The reason being, not complying with UK GDPR can lead to a serious data breach which could result in: 

  • Heavy fines
  • Warnings and reprimands
  • Temporary or permanent bans on data processing
  • Rectification, restriction or erasure of data

Having a legislation such as the UK GDPR means that there will be individuals accountable in the school which makes them be on alert and do their best to always comply. Fortunately, because of that, many schools have put strict data protection policies in place and have briefed their staff on these policies as well.

Data Processors & Data Controllers: Their role in Schools

Obtaining personal data under the UK GDPR is divided into two roles, and both of these have very different responsibilities.

In most data processing activities, schools will be the data controller. This means they determine whose information to collect, what types of data are needed and why it is necessary.

Collecting and processing data is done by the data controller which is the school in most cases. This means that they will be making decisions about whose data they must collect, what types of data they must collect and why that data is necessary.

Data controllers must also make sure of: 

  • Whether the information will be shared with a third party and, if so, what that third party is.
  • When and where a student's rights apply and how students can exercise those rights.
  • How long the data will be kept in the schools possession and whether that is the correct amount of time.
  • And whether to make any changes to the data on a routine basis, and if so, what data the changes will be made on. 

Data processors, by contrast, are the people or organisations handling personal data on behalf of the controller. They are responsible for:

Personal data handling on behalf of the data controller is done by the data processor. They are responsible for activities such as:

  • Handling the logistics of data processing activities.
  • Making sure that all personal data of students is stored safely.
  • Putting into place necessary controls for personal data transfers.
  • Erasing personal/special category data when it is no longer needed.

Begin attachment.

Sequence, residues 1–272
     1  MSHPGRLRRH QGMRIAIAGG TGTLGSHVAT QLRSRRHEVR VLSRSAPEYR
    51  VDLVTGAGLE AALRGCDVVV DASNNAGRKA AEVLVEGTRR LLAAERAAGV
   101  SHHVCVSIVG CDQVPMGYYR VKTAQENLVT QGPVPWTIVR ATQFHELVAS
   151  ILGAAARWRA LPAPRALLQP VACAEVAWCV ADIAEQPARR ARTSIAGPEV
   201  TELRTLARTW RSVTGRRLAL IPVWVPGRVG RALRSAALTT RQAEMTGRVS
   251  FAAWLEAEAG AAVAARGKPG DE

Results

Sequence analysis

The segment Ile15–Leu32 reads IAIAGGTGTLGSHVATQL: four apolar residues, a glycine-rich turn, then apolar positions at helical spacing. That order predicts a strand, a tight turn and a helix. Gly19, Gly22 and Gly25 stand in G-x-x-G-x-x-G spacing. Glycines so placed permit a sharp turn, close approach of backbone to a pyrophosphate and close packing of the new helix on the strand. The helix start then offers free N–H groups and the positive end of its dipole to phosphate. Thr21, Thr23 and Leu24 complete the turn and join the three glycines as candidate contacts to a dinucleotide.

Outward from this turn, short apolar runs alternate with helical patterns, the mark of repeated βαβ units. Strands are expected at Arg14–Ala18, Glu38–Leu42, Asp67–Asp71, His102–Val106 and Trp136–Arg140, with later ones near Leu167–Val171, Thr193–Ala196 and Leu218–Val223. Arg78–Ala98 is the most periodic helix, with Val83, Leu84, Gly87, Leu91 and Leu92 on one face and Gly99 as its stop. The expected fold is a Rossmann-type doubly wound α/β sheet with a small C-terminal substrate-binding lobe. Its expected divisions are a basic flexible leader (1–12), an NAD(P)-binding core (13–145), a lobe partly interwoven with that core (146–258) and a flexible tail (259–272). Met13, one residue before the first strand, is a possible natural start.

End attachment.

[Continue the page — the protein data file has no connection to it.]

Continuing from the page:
The data processor in this case may be a third-party data protection officer (DPO) that the school has hired as an individual/team or a data privacy company such as DataGuard.

Both data controllers and processors can face severe consequences in the event of a school data breach as both these parties are equally accountable for complying with UK GDPR.

Therefore, when schools hire a third-party data processor, it is important that they form legal contracts that lay out how the data processor will meet their requirements.

This will allow both the school and the third-party to come to a mutual understanding of what is clearly expected of them.

What is the age students must be consulted over their data processing?

The UK GDPR states that schools cannot legally obtain consent from minors. If the student is a minor, the school must take it upon themselves to obtain legal consent from a parent or guardian of the minor. The school must also make efforts to verify that the said parent or guardian of the minor does in fact hold parental responsibility for that minor.

In the UK, a minor is considered as a person below the age of 13. Therefore if the student is 13 years or older the school must require the students consent. However, asking for consent from students below the age of 18 must be asked in writing in a clear and understandable manner.

Data Breach of a School: Steps to be taken

According to the UK GDPR, if a school learns that a data breach has occurred, the first thing that the school must do is to understand the severity of the breach.

If the breach poses a risk to the rights of any individual, whereas it may affect any individual financially, economically or socially, it must be reported to the information commissioner's office (ICO) and the situation must be investigated immediately.

But how do you determine if any of the above has occurred? Here are a few pointers to keep in mind: 

  • Financial loss
    This applies to data such as staff and student banking information or staff payroll information that has been breached.
     
  • Social damage
    This applies when special category data such as staff and students special needs information, students behaviour information, students child protection information, staff pay scale and payroll information and students academic information.

  • Identity theft or fraud